According to the book "American Conspiracy Theories," gender and political party do not determine whether someone believes in conspiracy theories. More telling factors include less education and income. People who are less likely to participate in politics or are more likely to accept violence are also more inclined to believe.
"Our predispositions to conspiracy theorizing interact with our political views," said Joseph Parent, the book’s co-author and an associate political science professor at the University of Notre Dame. "So conspiracy theorists on the left are focused on threats from the right and vice versa. People believe what they want to believe; they fear what they want to fear."
Is QAnon dangerous or illegal?
The conspiracy theory has been linked to several crimes, some of them violent, and the FBI has said it’s a potential domestic terrorism threat. Some of QAnon’s claims could be potentially defamatory.
In a May 2019 intelligence bulletin obtained by Yahoo! News, FBI officials described "conspiracy theory-driven domestic extremists" as a growing threat. The memo mentions QAnon specifically.
"The FBI assesses these conspiracy theories very likely will emerge, spread, and evolve in the modern information marketplace, occasionally driving both groups and individual extremists to carry out criminal or violent acts," the document says.
In a July report, West Point’s Combating Terrorism Center, an academic institute within the United States Military Academy, cited a number of examples of violence linked to QAnon.
"QAnon has contributed to the radicalization of several people to notable criminal acts or acts of violence," the report said.
Here are a few examples of such incidents, as documented by several news outlets:
*In June 2018, a Nevada man named Matthew Philip Wright blocked traffic on a bridge near the Hoover Dam, demanding that officials release a government document about the handling of Hillary Clinton’s email probe. After a standoff with police, Wright drove away and was later arrested, during which he mentioned QAnon talking points. Police found several firearms, ammunition, and a flashbang device in his car.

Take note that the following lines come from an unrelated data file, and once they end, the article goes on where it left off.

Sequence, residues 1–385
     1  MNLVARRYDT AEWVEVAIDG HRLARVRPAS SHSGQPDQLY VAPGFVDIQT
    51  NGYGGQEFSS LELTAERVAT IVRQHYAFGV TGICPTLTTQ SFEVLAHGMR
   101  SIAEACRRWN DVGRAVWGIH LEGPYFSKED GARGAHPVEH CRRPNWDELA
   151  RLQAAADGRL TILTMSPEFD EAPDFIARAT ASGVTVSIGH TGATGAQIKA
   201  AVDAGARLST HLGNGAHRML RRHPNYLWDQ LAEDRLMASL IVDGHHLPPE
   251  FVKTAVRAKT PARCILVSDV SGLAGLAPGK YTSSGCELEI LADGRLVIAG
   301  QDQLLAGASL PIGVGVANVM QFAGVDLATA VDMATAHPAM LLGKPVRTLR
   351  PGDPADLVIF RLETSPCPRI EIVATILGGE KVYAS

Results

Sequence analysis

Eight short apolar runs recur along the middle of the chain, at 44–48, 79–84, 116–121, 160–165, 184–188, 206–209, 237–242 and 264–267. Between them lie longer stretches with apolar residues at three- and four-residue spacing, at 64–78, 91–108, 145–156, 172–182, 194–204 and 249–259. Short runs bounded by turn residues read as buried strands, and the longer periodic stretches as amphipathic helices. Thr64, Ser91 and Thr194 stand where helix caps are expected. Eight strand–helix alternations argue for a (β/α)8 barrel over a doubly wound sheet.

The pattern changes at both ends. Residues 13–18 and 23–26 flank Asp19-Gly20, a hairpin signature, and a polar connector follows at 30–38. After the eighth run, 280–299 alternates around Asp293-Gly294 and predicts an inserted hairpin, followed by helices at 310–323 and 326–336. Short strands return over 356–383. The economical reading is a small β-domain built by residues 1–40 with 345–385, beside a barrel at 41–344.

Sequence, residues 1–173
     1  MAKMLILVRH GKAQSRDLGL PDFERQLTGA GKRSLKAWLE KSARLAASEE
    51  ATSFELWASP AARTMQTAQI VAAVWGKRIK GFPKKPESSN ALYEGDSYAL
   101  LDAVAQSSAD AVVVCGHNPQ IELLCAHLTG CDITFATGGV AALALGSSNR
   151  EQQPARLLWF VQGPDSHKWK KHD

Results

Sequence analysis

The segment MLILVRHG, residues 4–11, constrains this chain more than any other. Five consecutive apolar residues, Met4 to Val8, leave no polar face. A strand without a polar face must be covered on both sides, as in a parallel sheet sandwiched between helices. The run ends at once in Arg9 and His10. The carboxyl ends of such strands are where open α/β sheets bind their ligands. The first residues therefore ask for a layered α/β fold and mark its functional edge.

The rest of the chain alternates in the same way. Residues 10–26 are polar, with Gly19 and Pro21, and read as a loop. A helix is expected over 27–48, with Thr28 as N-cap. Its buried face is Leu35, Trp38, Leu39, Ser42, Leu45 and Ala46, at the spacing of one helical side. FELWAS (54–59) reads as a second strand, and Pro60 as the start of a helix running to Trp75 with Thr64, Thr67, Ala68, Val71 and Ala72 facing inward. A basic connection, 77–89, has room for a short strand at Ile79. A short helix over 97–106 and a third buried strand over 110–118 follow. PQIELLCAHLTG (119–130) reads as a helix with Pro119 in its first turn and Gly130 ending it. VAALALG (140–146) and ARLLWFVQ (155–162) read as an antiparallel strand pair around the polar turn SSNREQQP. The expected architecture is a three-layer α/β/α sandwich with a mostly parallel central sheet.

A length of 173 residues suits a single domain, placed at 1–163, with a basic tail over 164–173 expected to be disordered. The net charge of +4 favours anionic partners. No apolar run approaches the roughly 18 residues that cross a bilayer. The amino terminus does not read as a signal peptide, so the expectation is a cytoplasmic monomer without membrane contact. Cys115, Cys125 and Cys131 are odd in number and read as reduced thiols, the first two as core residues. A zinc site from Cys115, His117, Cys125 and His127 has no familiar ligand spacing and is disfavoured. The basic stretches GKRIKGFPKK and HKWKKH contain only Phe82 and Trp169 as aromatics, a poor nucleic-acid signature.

*In March 2019, a New York man named Anthony Comello allegedly killed a member of the Gambino crime family who he said was part of the "deep state." During one court appearance, Comello wrote "Q" on the palm of his hand.
*In April, an Illinois woman named Jennifer Prim was arrested after allegedly driving onto a New York City pier with a car full of knives. In a live-streamed video, she threatened to kill Joe Biden for his purported involvement in a sex trafficking ring.
There’s also a question of whether QAnon’s claims could violate defamation laws. Since the conspiracy theory makes many salacious, unproven allegations about public figures, there could be grounds to sue the QAnon supporters who espouse them.
"If there are false factual allegations that would harm someone’s reputation, then that can be fodder for a libel lawsuit," said Clay Calvert, director of the Marion B. Brechner First Amendment Project at the University of Florida. "The problem here, though, that we might think about is the so-called Streisand Effect — that you give more attention to something than it's probably worth by filing the lawsuit."
What does #SaveTheChildren have to do with it?
Posts with #SaveTheChildren and #SaveOurChildren, along with related demonstrations in hundreds of cities across the country, purport to be about ending child sex trafficking. But the hashtags were propped up by supporters of QAnon and Pizzagate.
#SaveTheChildren has been shared millions of times, but it is not linked to any humanitarian organizations. Save the Children, a London organization that aims to improve the lives of children around the world, has nothing to do with the viral hashtag.
#SaveTheChildren and #SaveOurChildren started circulating in QAnon and Pizzagate Facebook groups in July before spreading to conservative sources like PragerU, a powerhouse page on Facebook. More recently, conspiracy theorists helped plan demonstrations in scores of towns and cities across the country.
"The whole danger of this whole thing is that it’s such an effective entry point for QAnon and Pizzagate’s style of thinking," said Travis View, co-host of the QAnon Anonymous podcast, in a recent episode. "There’s no decoding involved. It doesn’t ask you to go through the Podesta emails, it doesn’t ask you to read the Q drops — it asks you to recognize that children are being harmed and trafficked and then get outraged about it."
Watch the videos below:
Source: Daniel Funke/politfact.com
Date Posted: Wednesday, September 2nd, 2020 , Total Page Views: 821
Like what you're reading? Please help us continue providing you with informative and thought provoking stories by becoming a supporter of Moorenews.net